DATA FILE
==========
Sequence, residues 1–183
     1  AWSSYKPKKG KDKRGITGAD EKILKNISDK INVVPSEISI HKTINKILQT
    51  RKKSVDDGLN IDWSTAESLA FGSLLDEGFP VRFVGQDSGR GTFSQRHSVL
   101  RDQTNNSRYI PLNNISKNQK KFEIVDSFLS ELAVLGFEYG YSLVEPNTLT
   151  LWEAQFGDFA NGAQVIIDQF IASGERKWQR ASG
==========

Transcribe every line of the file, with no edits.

Sequence, residues 1–183
     1  AWSSYKPKKG KDKRGITGAD EKILKNISDK INVVPSEISI HKTINKILQT
    51  RKKSVDDGLN IDWSTAESLA FGSLLDEGFP VRFVGQDSGR GTFSQRHSVL
   101  RDQTNNSRYI PLNNISKNQK KFEIVDSFLS ELAVLGFEYG YSLVEPNTLT
   151  LWEAQFGDFA NGAQVIIDQF IASGERKWQR ASG